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Useful Notes: Capoeira
An Afro-Brazillian martial art which combines fighting with performance art. It's a very recognizable style with its emphasis on acrobatics, ground combat, and spinning kicks frequently all at the same time. Its usage dates back at least to the 18th century. Capoeira as practiced today stems primarily from two Mestres in the 20th century and their respective schools: Mestre Bimba, founder of the modernized Capoeira Regional in the 1930s, and Mestre Pastinha, founder of the more traditionalist Capoeira Angola that strove to keep closer to the art's roots.

Its origins are hazy and debated, but it emerged as a fighting style among the slaves of Brazil. The elements of dance existed partly so that the slaves could mask it as a cultural activity unrelated to fighting. It evolved to be a favored fighting style among criminals, and at various times in Brazilian history, it has been declared illegal to practice. As a result, much of the known history is based on stories and legends.

The art spread first throughout Brazil, from poor blacks to wealthier classes, and throughout the world in the later part of the 20th century.

Tropes associated with Capoeira

  • Armed Legs: A common misrepresentation is that some early capoeiristas performed with razor blades clenched between their toes as a hidden weapon. In actuality, razors were used, but generally in the user's hands. There are videos on YouTube showing people playing with razors between their toes but these games are very slow and cautious.
  • Awesome, but Impractical: How it is seen among many people, at least those who don't see it as Difficult but Awesome. The reality is that capoeira is a legitimately versatile fighting style, but requires an unusually long time and effort to master compared with other martial arts.
  • Badass Grandpa: Some of the founding mestres are still around and at the age of 70-80, they're still happily flipping around the roda and schooling students at the promotion ceremonies.
  • Combat Pragmatist: Capoeiristas outside the roda or other sanctioned fights can easily become this with techniques like Telefone ("Telephone"), in which you clap your hands on either of the opponent's ears to disorient them and potentially permanently ruin their hearing, or Arpão de Cabeça ("Head Spear"), in which you throw your whole body into a headbutt aimed at the enemy's head, chest, or groin. When in the Roda never accept if the other person offers you a "blessing" Just to elaborate, the Blessing (or, in portuguese, "Benção") is an unbalancing pushing kick that is one of the most known and effective moves in Capoeira.
  • Dance Battler: A traditional Capoeira roda (sparring circle) is performed to music, and is as much about looking impressive and showing off how clever you are as it is about landing blows.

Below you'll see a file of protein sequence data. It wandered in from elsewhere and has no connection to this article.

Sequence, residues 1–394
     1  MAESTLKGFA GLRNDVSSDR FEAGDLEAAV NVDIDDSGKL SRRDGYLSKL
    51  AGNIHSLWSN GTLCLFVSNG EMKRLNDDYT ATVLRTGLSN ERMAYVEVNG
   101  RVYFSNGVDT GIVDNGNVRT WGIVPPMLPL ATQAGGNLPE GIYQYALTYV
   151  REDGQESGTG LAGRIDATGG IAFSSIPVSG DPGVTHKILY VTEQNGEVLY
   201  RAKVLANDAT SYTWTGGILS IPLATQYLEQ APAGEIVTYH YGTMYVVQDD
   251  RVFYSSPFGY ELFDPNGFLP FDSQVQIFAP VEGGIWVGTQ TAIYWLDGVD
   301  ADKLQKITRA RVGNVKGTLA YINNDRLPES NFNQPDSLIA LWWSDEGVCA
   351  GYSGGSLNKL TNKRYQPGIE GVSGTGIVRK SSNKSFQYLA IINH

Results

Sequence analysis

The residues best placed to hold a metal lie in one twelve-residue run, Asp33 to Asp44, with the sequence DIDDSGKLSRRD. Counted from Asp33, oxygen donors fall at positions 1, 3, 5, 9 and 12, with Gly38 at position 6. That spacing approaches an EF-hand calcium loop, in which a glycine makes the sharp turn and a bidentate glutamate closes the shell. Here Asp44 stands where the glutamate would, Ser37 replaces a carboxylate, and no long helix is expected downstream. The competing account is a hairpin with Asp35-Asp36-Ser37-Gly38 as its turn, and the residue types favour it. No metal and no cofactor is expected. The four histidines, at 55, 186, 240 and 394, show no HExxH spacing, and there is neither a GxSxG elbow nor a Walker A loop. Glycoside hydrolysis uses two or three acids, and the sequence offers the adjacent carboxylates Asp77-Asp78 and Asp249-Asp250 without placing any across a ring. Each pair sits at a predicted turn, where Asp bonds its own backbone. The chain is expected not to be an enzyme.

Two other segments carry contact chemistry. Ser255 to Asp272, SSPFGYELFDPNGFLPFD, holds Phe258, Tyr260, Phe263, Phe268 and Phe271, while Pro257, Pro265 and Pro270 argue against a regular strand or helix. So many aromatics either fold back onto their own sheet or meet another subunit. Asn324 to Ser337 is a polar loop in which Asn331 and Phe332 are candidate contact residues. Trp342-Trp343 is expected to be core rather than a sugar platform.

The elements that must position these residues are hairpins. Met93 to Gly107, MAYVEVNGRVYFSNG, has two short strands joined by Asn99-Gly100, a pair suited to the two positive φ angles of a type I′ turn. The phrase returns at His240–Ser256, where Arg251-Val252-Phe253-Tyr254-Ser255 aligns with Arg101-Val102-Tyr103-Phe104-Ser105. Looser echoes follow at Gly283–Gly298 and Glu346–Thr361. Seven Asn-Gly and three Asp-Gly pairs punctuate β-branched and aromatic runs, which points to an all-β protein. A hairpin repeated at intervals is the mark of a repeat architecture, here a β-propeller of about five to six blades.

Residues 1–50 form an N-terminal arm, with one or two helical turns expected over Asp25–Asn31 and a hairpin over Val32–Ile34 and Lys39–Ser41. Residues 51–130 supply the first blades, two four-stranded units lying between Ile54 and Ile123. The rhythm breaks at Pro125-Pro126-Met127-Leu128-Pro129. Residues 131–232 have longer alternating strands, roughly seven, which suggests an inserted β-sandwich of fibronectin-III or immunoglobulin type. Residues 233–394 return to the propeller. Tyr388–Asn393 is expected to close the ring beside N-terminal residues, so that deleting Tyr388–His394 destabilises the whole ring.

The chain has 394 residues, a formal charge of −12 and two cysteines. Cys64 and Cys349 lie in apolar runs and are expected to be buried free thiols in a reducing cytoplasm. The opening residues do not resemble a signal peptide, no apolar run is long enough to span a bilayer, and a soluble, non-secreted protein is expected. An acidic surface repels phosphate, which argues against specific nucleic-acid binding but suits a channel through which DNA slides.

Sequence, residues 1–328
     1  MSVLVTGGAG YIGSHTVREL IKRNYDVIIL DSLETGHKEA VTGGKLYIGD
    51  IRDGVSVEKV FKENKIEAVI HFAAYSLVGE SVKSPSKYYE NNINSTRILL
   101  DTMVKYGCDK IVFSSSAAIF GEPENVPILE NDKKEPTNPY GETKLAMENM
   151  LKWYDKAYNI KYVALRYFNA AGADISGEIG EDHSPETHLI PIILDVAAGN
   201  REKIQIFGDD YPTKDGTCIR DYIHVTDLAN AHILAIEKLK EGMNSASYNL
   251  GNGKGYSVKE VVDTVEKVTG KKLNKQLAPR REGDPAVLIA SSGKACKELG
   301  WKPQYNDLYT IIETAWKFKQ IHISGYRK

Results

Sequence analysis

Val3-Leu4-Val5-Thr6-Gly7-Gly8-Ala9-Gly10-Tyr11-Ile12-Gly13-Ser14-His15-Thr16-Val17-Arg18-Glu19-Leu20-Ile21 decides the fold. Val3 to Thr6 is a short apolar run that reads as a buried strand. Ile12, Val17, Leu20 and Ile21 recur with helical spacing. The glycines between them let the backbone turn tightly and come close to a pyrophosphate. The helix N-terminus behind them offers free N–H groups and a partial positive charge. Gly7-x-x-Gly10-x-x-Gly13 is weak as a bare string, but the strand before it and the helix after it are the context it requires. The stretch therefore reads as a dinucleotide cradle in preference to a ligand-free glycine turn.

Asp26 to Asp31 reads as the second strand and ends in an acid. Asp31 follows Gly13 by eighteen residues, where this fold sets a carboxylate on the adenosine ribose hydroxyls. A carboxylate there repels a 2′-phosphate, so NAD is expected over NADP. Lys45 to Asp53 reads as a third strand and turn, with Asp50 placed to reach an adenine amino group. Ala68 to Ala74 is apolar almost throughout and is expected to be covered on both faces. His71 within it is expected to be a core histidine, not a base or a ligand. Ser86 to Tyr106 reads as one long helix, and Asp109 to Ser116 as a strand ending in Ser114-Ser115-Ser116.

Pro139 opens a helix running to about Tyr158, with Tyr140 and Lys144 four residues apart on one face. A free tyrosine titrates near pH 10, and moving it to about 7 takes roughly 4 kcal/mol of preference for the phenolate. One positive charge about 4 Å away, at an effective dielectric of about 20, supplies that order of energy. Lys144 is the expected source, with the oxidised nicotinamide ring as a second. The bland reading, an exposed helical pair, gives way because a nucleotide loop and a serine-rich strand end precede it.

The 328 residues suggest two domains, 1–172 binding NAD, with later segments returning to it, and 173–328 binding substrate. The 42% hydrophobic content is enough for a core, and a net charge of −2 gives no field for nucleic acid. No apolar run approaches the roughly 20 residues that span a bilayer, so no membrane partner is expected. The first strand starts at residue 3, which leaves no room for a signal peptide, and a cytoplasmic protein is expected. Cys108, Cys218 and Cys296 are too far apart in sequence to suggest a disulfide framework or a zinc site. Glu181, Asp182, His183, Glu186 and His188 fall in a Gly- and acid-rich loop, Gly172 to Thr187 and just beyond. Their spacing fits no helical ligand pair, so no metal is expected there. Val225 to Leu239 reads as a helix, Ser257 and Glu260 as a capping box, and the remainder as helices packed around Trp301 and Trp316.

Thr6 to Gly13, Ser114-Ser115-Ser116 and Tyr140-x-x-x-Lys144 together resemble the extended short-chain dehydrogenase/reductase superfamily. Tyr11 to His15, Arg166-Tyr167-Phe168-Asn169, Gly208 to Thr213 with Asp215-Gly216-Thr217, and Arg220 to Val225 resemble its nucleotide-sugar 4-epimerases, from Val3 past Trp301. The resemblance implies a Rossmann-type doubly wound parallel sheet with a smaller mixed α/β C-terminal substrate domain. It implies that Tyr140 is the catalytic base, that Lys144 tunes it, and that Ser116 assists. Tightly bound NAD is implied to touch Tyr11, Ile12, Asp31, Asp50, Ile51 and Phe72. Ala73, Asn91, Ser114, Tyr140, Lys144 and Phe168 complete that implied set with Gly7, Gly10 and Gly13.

• Everything's Better with Spinning: Multiple spinning kicks are frequently linked together, building up momentum and, again, looking impressive. The spinning kick exchanges may also be used by one player to lull the other into a false sense of security before dumping him or her on his butt with a sudden sweep. All part of the fun of the game.
  • Extremity Extremist: The basic dozen or so kicks are pretty much always the first thing new students will learn, and probably 90% of the attacks in the roda are kicks. Headbutts and takedowns account for another 9% or so. Hand strikes are usually reserved for illustrating to your opponent that they're conspicuously dropping their guard. Hand or elbow strikes and takedowns are generally reserved to more experienced practitioners, but can become fairly frequent in games between skilled Capoeiristas.
  • It Will Never Catch On: Back when Only the Strong came out, a film critic called Capoeira "the lambada of martial arts". That critic turned out to be very wrong.
  • Martial Pacifist: According to Mestre Bimba, "The best way of self-defense is not getting into fights at all". Facing off in the roda is referred to as "playing" rather than "fighting", and it is always the duty of a more skilled player to look out for the safety of the less skilled opponent.
  • Mood Motif: The music played during the roda determines how the game is played. Slower music results in a slower, more strategic game, typically with a lot of ground fighting, close fighting, and elaborate reversals. Faster music results in a more acrobatic and high-flying match and usually involves more distance so as to not harm your partner.
  • One-Man Army: Capoeira was conceived to fight in extreme conditions, as evidenced in its emphasis on moving unceasingly and using wide attacks. There are stories about capoeristas who fought overwhelming numbers of opponents at once, and while many of them are probably exaggerated, some have historical records. A drug dealing capoerista named Madame Satã was said in police reports to have once beaten up twenty-four policemen in a street brawl. Coincidentally, Madame Satã was a gay man who often dressed in drag. Badass Gay indeed.